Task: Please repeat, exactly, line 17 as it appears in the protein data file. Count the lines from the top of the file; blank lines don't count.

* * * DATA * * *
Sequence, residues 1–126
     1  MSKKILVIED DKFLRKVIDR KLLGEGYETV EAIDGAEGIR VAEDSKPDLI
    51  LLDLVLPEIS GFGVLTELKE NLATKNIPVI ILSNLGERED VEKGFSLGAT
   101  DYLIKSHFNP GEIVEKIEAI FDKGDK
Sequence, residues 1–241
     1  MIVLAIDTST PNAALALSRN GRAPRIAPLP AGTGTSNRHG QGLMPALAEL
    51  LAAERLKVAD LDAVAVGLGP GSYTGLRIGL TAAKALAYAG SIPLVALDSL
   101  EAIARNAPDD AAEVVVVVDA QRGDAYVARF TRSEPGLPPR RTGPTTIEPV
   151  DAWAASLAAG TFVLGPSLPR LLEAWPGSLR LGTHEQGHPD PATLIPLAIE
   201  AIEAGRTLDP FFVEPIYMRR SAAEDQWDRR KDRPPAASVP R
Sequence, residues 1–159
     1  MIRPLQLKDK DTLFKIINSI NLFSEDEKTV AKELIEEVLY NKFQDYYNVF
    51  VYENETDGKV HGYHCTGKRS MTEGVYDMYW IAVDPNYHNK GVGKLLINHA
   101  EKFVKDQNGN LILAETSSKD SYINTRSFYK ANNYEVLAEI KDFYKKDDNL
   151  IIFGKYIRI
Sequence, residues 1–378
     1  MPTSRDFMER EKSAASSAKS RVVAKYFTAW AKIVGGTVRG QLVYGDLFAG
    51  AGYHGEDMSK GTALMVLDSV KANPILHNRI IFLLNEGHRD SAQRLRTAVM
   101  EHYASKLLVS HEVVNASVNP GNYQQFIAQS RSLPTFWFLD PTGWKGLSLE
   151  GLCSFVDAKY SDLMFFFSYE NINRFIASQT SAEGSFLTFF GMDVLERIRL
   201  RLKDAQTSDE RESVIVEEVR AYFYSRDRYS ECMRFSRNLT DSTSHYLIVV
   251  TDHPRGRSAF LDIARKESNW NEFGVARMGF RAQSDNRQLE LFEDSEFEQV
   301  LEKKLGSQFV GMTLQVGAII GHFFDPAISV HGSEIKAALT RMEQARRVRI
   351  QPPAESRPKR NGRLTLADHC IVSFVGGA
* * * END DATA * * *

     1  MPTSRDFMER EKSAASSAKS RVVAKYFTAW AKIVGGTVRG QLVYGDLFAG